Proper navigational lighting is crucial for safe, legal boat operation at night or during times of reduced visibility. As a marine surveyor, many of the vessels I inspect fail to comply with mandated navigational lighting requirements. Many of these problems are maintenance or owner-induced issues such as burned-out bulbs, broken wires and lights blocked by equipment installations; however, an alarming number of violations are caused by improper manufacturer installation. It appears that some manufacturers either do not have a complete understanding of the navigation rules governing installations or they miss the bare minimum requirements at the expense of the end user. Regardless of whether the manufacturer or a previous owner causes installation problems, it’s the boat owner’s responsibility to ensure their boat complies with the rules.
All boats must have the required navigation lights while operating at night or during times of reduced or restricted visibility such as in fog or heavy rain. Vessels 16 feet in length or greater must have properly installed navigation lights and an anchor light that must be operational separate from the running lights.
Required navigation light configurations are based on factors such as vessel length, method of propulsion or any special activity it’s engaged in (trawling, towing, etc.). The type, arc and color of navigation lights allow cruisers to determine a vessel’s size, propulsion and whether it’s anchored or moving (and if so, its course). For example, if you look over the bow and see a red light followed by a white light you can assume another boat is crossing your path from starboard to port and that it has the right of way depending on distance. A single white light that’s visible 360 degrees indicates an anchored vessel.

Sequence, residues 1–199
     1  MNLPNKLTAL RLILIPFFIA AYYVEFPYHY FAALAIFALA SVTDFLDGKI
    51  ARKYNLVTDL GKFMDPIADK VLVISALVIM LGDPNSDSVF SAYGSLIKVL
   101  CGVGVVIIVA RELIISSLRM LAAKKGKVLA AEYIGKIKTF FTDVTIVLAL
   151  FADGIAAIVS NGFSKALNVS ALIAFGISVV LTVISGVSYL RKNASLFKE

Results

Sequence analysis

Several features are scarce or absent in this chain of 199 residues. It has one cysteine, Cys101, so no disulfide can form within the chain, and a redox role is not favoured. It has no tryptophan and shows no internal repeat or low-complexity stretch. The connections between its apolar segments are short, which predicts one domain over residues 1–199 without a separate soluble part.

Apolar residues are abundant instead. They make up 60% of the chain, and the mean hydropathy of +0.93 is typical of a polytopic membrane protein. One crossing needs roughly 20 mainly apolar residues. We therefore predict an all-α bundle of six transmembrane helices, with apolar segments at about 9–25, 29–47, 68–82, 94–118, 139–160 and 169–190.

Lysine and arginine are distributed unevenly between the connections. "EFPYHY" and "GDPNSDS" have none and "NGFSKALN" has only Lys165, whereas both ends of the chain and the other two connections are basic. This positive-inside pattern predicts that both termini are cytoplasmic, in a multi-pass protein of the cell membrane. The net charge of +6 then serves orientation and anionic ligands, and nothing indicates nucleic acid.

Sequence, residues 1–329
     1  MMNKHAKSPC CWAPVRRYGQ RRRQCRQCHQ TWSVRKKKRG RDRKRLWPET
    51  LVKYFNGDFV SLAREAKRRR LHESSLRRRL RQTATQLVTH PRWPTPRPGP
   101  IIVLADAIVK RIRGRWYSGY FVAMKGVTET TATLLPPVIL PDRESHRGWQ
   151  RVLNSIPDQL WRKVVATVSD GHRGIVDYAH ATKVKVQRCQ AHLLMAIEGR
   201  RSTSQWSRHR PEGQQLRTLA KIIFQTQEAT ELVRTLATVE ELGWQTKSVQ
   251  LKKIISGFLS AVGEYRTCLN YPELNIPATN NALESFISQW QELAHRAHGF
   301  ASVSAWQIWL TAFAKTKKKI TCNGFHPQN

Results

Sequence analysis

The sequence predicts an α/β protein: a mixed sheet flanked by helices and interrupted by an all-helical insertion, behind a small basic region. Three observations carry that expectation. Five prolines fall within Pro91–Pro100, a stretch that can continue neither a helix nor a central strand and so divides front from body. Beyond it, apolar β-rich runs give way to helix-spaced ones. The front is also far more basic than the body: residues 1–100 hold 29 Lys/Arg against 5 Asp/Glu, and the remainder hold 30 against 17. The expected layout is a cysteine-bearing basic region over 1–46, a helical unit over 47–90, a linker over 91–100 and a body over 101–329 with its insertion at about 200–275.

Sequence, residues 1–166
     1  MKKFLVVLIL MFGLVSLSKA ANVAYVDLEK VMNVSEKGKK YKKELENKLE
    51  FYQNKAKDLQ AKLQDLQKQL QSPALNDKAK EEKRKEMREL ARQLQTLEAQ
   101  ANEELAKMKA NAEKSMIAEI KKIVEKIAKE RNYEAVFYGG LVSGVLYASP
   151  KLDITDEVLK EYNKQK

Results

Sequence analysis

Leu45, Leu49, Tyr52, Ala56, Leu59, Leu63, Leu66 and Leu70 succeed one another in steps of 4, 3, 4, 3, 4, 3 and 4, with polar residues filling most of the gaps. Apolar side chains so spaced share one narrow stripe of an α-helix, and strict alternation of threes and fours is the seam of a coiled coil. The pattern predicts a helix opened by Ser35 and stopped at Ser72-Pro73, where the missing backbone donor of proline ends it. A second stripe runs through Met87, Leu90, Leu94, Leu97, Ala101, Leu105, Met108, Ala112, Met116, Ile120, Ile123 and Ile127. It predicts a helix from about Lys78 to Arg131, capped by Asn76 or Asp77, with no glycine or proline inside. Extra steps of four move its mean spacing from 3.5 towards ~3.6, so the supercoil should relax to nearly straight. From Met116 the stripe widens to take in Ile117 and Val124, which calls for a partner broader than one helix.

The first step in determining if your vessel is compliant with lighting regulations is to consult a copy of USCG COMDTINST M16672.2D, aka the “Rules of the Road”. Purchase a copy or view it for free online at navcen.uscg.gov/pdf/navrules/navrules.pdf.
Once you’ve consulted the Rules of the Road and determined that your navigation lights meet the minimum requirements, the next step is a physical inspection to make sure they’re properly installed and operational. Start by turning on the running lights and then the anchor light, verifying in turn that each powers up and meets the visibility requirements mentioned in the Rules of the Road. Look for issues such as the placement of equipment (dinghies, antennas, etc.) that could block visibility, burned out bulbs and poor lighting installations. A good example of the latter would be a masthead light that effectively blinds you when operating the vessel from the upper helm or fly bridge.
Sailboat owners may find it easier to verify the operation of mast-mounted navigation and anchor lights at night from the dock when they’re more easily visible. Next, take a good look at the lights themselves. Are the lenses clear or have they become “frosted” due to UV damage? How bright are the lights? Dim lights can be caused by installation of the wrong type of bulb, a poor quality light fixture or corroded electrical contacts and switches.